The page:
Diesel fuel is a dirty fuel source with no environmental benefits. It has a high carbon footprint across its building, extraction/refinement, transportation, and building back stages, and it emits 3 times its weight in CO2 when burned. Oil spills and air pollution contribute directly to global climate change by adding to atmospheric CO2 levels and expediting global warming. The best way to mitigate these environmental drawbacks is to reduce diesel consumption. Our health and our planet’s health would benefit if we used less diesel.
- Britannica: Carbon Footprint
- United States Environmental Protection Agency: System of Registries
- Britannica: Diesel fuel
- National Geographic: Petroleum
- Transconnect Service Fuel: How much does a gallon of diesel weigh?
- US Energy Information Administration: How much carbon dioxide is produced by burning gasoline and diesel fuel?
- New World Encyclopedia: Diesel
- National Center for Biotechnology Information: Octane
- US Environmental Protection Agency: Greenhouse Gas Emissions from a Typical Passenger Vehicle
- Our World in Data: Global Fossil Fuel Consumption
- GlobeNewsWire: Global Transport Market Report (2020 to 2030) – COVID-19 Impact and Recovery
- Environmental and Energy Study Institute: Fossil Fuels
- Science Direct: Life-cycle assessment (LCA)
- MIT SMR: Strategic Sustainability Uses of Life-Cycle Analysis
- American Petroleum Institute: Refinery Processes
- Coloradans for Responsible Energy Development: The seven steps of oil and natural gas extraction
- Library of Congress: Modes of Transportation – Oil and Gas Industry – A Research Guide
- US Energy Information Administration: Refining Crude Oil – The Refining Process
- US Energy Information Administration: What countries are the top producers and consumers of oil?
- Geodatos: Distance from Saudi Arabia to United States
- OPEC: Saudi Arabia
- OPEC: Homepage
- DistanceFromTo: Distance from Japan to Saudi Arabia
- Coloradans for Responsible Energy Development: How long does fracking last?
- Forbes: Plugging Abandoned Oil Wells Is One ‘Green New Deal’ Aspect Loved By Both Republicans And Democrats
- Bureau of Safety and Environmental Enforcement: Rigs-to-Reefs
- World Nuclear Association: Carbon Emissions from Electricity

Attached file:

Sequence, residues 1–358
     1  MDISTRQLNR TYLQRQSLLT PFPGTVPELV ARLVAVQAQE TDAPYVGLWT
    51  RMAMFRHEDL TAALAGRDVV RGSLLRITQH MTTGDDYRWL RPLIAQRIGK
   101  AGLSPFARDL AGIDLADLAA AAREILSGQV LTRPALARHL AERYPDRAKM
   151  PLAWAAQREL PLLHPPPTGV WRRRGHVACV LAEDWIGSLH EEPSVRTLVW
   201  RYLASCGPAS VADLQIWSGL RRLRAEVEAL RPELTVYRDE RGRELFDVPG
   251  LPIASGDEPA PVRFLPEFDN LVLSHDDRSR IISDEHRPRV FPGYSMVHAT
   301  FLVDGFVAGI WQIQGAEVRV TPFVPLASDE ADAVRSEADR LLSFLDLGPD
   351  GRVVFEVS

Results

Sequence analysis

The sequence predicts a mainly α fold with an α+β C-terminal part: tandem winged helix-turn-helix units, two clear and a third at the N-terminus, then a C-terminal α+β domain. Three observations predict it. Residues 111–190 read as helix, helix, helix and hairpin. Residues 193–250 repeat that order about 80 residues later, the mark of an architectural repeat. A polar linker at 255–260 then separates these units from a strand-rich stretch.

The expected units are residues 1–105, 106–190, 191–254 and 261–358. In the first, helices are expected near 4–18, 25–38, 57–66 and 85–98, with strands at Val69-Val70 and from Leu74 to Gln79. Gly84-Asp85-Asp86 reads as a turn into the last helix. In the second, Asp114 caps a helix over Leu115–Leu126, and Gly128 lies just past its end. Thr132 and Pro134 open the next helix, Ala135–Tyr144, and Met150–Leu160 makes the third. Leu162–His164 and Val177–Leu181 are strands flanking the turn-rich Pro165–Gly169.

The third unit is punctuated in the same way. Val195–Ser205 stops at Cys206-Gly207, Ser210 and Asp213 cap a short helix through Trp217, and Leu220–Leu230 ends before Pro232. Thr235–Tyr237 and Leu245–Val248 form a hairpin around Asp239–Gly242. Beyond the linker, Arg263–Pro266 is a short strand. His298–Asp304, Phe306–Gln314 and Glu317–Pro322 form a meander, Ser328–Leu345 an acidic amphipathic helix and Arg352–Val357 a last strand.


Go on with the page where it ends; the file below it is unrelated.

- National Oceanic and Atmospheric Administration: Climate Change – Global Temperature
- National Oceanic and Atmospheric Administration: Climate Change – Global Sea Level
- United States Geological Survey: How would sea level change if all glaciers melted?
- National Aeronautics and Space Administration, U.S.A.: How does climate change affect precipitation?
- National Oceanic and Atmospheric Administration: Ocean Acidification
- National Ocean Service: What is coral bleaching?
- United Nations Framework Convention on Climate Change: The Paris Agreement
- National Oceanic and Atmospheric Administration: Oil Spills
- US Energy Information Administration: Diesel and the environment
- US Environmental Protection Agency: Ground-level ozone basics
- US Environmental Protection Agency: What is Acid Rain?
- National Oceanic and Atmospheric Administration: Climate Change – Atmospheric Carbon Dioxide
- National Resources Defense Council: Global Warming 101
- US Energy Information Administration: Oil and Petroleum Products Explained
- Natural Resources Defense Council: Reducing Natural Gas
- Leakage to Protect the Environment Is Easy to Do, Saves Money, and Creates Jobs
- Business for Social Responsibility: Fuel Sustainability Brief – Natural Gas
- Fueleconomy.gov: Electricity
- US Energy Information Administration: Hydrogen Explained – Use of Hydrogen
- Fueleconomy.gov: Natural Gas
- US Department of Energy: Alternative Fuels Data Center – Propane Vehicles
- ResearchGate: A Comparison of Ethanol, Methanol and Butanol Blending with Gasoline and Relationship with Engine Performances and Emissions
- US Department of Energy: Alternative Fuels Data Center – Biodiesel Production and Distribution